Hiring & Working with a Contractor


When you hire a contractor to work on your home, you’re placing an enormous amount of trust on them.

 

You want your contractor to look out for your best interests, and to not cut corners and leave you with a ticking time bomb of poorly installed tile, plumbing, electrical work, roofing, etc. An improper installation can lead to fire damage, water damage, mold and mildew growth, and weaken the structural strength of your house. 

 

These are some tips we've accumulated through our many years working with homeowners and contractors alike. We've heard both horror stories and glowing reviews, and want to share our knowledge with you.


Ask for Referrals

A contractor may show you pictures of finished projects, but pictures don’t tell the whole story. Previous customers can tell you what working with the contractor was like.

 

Example Questions: Was he ever late? Overbearing? Did he keep inflating the budget? Did he listen to the homeowners’ needs?

 

Don’t be afraid to ask your contractor for a list of referrals you can call. If they have a recently completed project, even better; the homeowner's memory of the remodel will be fresh in their mind. If it’s an older remodel, you can ask if any problems have popped up; if so, did the homeowner contact the contractor? How did the contractor deal with these problems?

Is Your Contractor Afraid of Change?

The Tile Council of North America is constantly improving their standards as new and better tile products, grout and thinset formulas, and installation products are developed. What was acceptable 20, 10, or even 5 years ago may not be good enough now (remember asbestos?).

 

We’ve had a great number of customers return a superior product (stain-resistant grout, waterproof shower wall boards, etc.) because their contractor was unfamiliar with it and refused to learn about it.

 

If your contractor is willing to learn, we can set him up with training seminars and certification courses; Wedi can even arrange to send a technical expert out to guide a contractor through his first installation of the Wedi shower system for free!

 

If you've researched and selected a superior project and the contractor refuses to learn about or use it, then your contractor choice should change, not your product choice... it's like taking a car into a mechanic who tells you, "I don't work on THAT make and model; you should get a different car, then I'll work on it."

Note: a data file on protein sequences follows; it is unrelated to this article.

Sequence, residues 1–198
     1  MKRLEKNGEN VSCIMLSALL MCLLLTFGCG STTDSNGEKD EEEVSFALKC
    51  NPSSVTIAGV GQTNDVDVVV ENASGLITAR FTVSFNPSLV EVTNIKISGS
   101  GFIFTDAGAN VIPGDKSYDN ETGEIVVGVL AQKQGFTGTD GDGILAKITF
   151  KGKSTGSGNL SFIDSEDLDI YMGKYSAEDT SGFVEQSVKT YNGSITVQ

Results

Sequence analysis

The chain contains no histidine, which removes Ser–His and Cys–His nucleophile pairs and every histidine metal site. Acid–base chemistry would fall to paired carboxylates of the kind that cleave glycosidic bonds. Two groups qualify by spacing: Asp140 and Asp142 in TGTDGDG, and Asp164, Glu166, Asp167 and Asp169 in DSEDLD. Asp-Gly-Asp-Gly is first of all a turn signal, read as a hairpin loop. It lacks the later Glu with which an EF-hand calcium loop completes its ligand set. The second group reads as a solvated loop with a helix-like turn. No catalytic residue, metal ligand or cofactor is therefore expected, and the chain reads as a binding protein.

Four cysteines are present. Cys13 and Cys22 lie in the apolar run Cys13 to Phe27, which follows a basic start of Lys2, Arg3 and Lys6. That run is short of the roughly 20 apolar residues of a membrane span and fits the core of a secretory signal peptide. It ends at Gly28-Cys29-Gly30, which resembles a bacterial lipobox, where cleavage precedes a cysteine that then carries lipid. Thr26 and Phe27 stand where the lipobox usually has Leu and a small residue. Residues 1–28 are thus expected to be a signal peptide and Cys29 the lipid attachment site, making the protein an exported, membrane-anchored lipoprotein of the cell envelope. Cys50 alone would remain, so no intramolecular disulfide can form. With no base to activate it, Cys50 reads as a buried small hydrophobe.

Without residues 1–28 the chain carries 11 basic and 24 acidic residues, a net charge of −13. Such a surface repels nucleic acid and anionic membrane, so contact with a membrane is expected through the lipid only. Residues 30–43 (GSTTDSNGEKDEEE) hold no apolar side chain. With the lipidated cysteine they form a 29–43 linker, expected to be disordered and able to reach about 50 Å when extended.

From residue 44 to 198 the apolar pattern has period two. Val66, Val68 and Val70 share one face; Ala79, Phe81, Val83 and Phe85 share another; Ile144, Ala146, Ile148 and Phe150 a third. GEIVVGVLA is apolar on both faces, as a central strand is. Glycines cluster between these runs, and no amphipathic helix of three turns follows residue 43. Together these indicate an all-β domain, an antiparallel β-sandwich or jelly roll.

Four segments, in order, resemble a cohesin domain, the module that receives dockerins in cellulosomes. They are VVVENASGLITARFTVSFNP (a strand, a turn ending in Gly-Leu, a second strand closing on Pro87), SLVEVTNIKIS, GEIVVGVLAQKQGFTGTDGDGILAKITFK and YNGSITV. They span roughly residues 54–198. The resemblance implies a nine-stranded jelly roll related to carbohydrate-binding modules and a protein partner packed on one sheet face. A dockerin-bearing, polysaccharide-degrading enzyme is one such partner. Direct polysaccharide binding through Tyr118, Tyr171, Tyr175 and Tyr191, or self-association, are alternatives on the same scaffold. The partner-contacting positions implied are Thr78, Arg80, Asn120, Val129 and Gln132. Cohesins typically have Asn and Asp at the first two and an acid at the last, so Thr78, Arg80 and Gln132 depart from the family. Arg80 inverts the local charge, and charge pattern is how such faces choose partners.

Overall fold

You Usually Get What You Pay For

When it comes to tile installers, this old adage is pretty accurate. There's a world of difference between the fly-by-night contractor you found on Craigslist who's willing to tile your bathroom for a flat $300 fee and the certified installer who'd want to inspect the space and base his price on your pattern and materials.

 

The money you save on the initial install will be greatly outweighed by the costs you'll endure when the install fails in a few months or years and you have to redo everything. 

Supervise your Contractor During Installation

It’s good to have a basic understanding of what is involved with a project so that if any red flags go up, you can spot them. Even simple things like pattern and layout can be lost in translation (when you said "offset pattern" you meant an organic-looking 1/3 stagger, not the 50/50 brick offset that the contractor just finished installing).

 

Example: If your contractor is trying to convince you that you don’t need a waterproof barrier under your shower wall tile, red flag!

 

Helpful Hint: If you have a question about proper installation practices, the Tile Council of North America has the answer.

 

Anecdote: A regular customer of ours had to deal with flood damage in her mother’s home. The insurance company hired a flood damage restoration company, who in turn hired a tile installer to re-tile the bathroom. Our customer had installed her own tile in the past under our guidance, and was familiar with proper setting techniques. She was shocked to find that the contractor had installed the floor and shower tiles without grout lines! Knowing that grout lines were necessary for hygiene and contraction & expansion, she complained to the installer, who offered to drill holes between the tiles to “fix” the problem. Refusing this cheap and shoddy “fix,” she demanded that he re-do the tile: properly, and under her supervision.

Visit our list of recommended installers! We also recommend Angie's List and Houzz for reviews on local contractors. 

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